Revealed: How killer nurse who poisoned 21 patients got £779,000 in legal aid (which is more than the compensation paid to all his victims combined)
- Victorino Chua murdered two patients and poisoned 19 more at an NHS hospital
- Compensation paid to victims and families was £18,527 less than his legal aid bill
- Chua, 51, was jailed for murdering Derek Weaver, 83, and Tracey Arden, 44
A nurse who murdered two patients and poisoned 19 more at an NHS hospital received £779,000 in legal aid to defend himself – nearly £20,000 more than the total compensation awarded to his victims.
The amount given to Filipino Victorino Chua, 51, who police believe used forged qualifications to gain work in the UK, was branded ‘absolutely disgraceful’ last night.
The total amount of compensation paid to Chua’s victims and their families was £760,475 – £18,527 less than his legal aid bill.
A number of Chua’s poisoned patients received less than £10,000 each. One, who was left brain damaged by the ‘narcissistic psychopath’, is believed to have received about £500,000 – still significantly less than Chua’s legal aid bill. Two of Chua’s other victims got around £95,000 and £50,000 each.
His state-funded defence costs come despite a Ministry of Justice pledge to crack down on legal aid.
Chua is two years into a minimum 35-year sentence for murder, which will cost the public about £1.75million.
Prison conditions in the UK are infinitely better than in Chua’s native Manila, where he obtained dubious nursing qualifications before flying to the UK and landing a job at Stepping Hill Hospital in Stockport. Police suspect someone else sat his professional nursing exam in his homeland.
he vetting failures that allowed him to go on a deadly poisoning spree were confirmed at the end of his 2015 trial when there were calls for a review of how foreign nurses are recruited in the UK.
Now in response to a Freedom of Information request from the Mail, the Ministry of Justice revealed that Chua had been awarded a total of £779,002 in legal aid.
Chua was also convicted of murdering 44-year-old Tracey Arden
This was made up of £379,991 in solicitor costs, £308,445 in barrister costs and £90,566 in ‘disbursements’ (various legal expenses). Last night the sister of one of Chua’s two murder victims hit out at the size of the bill.
Lynda Bleasdale, 72, whose 83-year-old brother Derek Weaver was poisoned after being admitted to Stepping Hill with breathlessness, said: ‘It’s totally unjust. The compensation my family received was barely enough to cover my brother’s funeral costs. For his lawyers to be paid so much more than the families is appalling – I find it absolutely disgraceful.
‘It shows there’s something wrong with the system. More money should have been spent on the victims instead.’
Nazir Afzal, the former chief prosecutor who laid charges against Chua, said: ‘Whilst this was a very complicated investigation, the prosecution provided all the evidence (to the defence) at the point of charging and were ready for trial within weeks. So it is surprising that £779,000 would be charged to the legal aid fund.’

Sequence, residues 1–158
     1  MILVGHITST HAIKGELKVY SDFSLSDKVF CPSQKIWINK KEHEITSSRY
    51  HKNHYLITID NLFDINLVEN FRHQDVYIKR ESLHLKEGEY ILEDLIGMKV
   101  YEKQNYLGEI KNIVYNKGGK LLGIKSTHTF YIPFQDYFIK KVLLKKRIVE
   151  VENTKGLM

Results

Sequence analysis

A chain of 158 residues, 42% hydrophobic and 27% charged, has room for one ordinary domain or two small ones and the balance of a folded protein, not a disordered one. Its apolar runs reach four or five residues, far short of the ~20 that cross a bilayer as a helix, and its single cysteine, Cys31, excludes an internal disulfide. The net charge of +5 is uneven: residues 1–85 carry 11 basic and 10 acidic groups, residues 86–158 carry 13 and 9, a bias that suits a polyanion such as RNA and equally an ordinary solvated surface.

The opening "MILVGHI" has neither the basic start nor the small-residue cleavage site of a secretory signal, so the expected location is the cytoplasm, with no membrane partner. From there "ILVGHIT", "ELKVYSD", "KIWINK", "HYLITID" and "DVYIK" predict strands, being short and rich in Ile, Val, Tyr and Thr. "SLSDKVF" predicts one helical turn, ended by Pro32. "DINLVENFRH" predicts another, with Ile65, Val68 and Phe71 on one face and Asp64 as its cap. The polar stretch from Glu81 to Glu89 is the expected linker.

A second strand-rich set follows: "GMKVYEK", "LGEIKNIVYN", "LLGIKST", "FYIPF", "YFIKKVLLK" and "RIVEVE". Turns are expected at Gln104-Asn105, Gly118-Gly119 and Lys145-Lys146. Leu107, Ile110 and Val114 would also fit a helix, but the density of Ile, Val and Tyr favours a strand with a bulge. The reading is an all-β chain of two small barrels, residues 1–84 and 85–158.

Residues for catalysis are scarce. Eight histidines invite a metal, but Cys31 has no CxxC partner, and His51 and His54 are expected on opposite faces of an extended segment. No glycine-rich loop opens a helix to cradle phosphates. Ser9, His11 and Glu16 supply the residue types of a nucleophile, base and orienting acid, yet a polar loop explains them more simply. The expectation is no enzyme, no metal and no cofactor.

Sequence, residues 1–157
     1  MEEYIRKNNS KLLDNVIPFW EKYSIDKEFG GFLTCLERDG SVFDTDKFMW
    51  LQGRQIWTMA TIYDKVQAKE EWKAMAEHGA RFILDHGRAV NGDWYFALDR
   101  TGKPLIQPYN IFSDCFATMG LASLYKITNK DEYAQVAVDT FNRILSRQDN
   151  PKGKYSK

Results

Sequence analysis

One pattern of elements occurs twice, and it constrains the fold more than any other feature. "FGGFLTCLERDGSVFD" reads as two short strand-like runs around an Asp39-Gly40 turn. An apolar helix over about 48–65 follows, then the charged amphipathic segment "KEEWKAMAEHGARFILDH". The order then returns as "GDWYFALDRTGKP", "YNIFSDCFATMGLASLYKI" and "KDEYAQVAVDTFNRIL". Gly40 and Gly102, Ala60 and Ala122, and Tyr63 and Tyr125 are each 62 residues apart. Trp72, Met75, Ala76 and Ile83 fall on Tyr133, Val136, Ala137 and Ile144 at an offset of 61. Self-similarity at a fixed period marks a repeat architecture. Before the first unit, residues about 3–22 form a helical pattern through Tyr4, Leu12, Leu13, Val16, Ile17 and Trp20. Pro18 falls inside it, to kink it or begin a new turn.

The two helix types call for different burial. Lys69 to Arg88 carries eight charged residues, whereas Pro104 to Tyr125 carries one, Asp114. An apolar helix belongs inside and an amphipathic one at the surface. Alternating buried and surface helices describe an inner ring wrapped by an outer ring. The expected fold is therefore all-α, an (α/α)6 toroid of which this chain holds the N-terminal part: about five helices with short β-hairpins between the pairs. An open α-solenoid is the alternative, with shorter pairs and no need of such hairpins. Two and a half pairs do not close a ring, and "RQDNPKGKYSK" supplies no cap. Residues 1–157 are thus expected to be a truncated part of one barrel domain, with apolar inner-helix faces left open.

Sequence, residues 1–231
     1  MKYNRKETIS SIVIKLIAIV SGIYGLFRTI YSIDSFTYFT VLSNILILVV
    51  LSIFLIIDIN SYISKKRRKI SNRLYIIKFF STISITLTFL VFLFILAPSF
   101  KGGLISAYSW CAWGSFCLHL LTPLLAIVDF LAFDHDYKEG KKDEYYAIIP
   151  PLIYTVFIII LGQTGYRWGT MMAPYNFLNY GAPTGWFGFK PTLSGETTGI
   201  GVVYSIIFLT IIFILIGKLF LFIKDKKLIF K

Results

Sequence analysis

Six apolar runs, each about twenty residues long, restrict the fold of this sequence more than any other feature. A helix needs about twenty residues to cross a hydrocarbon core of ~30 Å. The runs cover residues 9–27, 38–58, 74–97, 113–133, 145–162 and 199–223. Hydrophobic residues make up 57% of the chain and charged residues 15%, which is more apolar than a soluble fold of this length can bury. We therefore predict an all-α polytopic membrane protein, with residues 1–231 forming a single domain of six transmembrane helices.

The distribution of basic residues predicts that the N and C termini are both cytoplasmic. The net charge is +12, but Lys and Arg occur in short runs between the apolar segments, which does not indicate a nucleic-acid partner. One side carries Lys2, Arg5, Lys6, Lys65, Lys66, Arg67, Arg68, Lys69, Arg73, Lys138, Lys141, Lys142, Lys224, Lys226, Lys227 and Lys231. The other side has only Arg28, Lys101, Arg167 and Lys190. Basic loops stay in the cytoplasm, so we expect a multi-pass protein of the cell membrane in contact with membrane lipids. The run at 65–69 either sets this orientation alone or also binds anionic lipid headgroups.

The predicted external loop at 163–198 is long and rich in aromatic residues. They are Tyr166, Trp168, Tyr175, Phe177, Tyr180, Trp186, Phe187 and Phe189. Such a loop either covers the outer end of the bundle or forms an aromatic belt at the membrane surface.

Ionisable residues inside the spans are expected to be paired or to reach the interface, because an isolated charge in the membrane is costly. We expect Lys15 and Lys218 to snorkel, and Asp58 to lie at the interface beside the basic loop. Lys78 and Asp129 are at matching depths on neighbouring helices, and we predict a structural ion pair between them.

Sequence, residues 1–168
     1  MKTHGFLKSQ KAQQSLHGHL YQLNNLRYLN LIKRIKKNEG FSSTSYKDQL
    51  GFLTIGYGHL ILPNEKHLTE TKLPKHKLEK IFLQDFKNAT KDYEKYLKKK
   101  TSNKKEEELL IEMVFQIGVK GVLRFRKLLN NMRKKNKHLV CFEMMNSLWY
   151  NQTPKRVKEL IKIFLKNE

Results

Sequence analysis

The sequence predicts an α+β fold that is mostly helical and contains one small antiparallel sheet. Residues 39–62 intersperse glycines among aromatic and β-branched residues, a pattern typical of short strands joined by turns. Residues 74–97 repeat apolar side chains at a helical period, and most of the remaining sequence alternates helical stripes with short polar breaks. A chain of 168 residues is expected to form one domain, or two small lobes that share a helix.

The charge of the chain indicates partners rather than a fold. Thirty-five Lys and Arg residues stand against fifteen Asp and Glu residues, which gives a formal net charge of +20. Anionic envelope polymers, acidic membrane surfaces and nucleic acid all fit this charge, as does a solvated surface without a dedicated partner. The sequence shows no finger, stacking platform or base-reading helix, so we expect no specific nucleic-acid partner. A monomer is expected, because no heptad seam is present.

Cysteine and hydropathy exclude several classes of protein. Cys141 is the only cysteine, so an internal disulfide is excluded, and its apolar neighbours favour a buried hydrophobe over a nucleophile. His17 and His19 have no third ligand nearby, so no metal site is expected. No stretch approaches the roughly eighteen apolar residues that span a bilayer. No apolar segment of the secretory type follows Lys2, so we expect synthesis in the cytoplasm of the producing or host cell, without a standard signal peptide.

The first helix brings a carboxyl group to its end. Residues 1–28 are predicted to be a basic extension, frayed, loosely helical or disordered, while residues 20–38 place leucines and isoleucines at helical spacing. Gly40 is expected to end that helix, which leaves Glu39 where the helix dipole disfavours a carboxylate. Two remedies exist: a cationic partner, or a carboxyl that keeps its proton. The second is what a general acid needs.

Chua’s legal team was led by Peter Griffiths QC, who has previously been named as one of the country’s highest paid barristers.
He told Chua’s four-month trial that his client was innocent and being used as a scapegoat. But a jury disagreed. It heard how the father-of-two injected insulin into saline bags and ampoules while working on two wards at the hospital in June and July 2011.
These were then unwittingly used by other nurses on the ward, leading to a series of insulin overdoses to mainly elderly victims.
Chua was convicted of murdering 44-year-old Tracey Arden and Mr Weaver. He was acquitted of the murder of Arnold Lancaster, 71, but convicted of poisoning him and 18 other patients with insulin.
At Manchester Crown Court, the judge, Mr Justice Openshaw, said the random way Chua targeted his victims at the hospital was ‘striking, sinister and truly wicked’.
Police released a rambling 13-page letter written by Chua in which he spelt out ‘how an angel can turn into an evil person’. The Ministry of Justice said: ‘The funding of more expensive cases is managed by a team within the Legal Aid Agency to ensure that costs are carefully controlled.
‘Expected costs are negotiated in advance based upon the nature of the case and the alleged role of the defendant. Claims submitted for payment are always subject to further scrutiny and assessment.’
Kevin Saul, medical negligence solicitor at Irwin Mitchell which represented two victims of Chua, said: ‘Over the past decade there have been numerous cuts to legal aid preventing many vulnerable people accessing the funding necessary to help with their cases.
‘Although everyone has the right to a defence in court, there will be many people left angry at the scale of Mr Chua’s legal aid bill.’
Stockport NHS Foundation Trust, which runs the hospital, said: ‘It is our understanding that all claims have been settled, with 18 people receiving a total payment of £760,475.’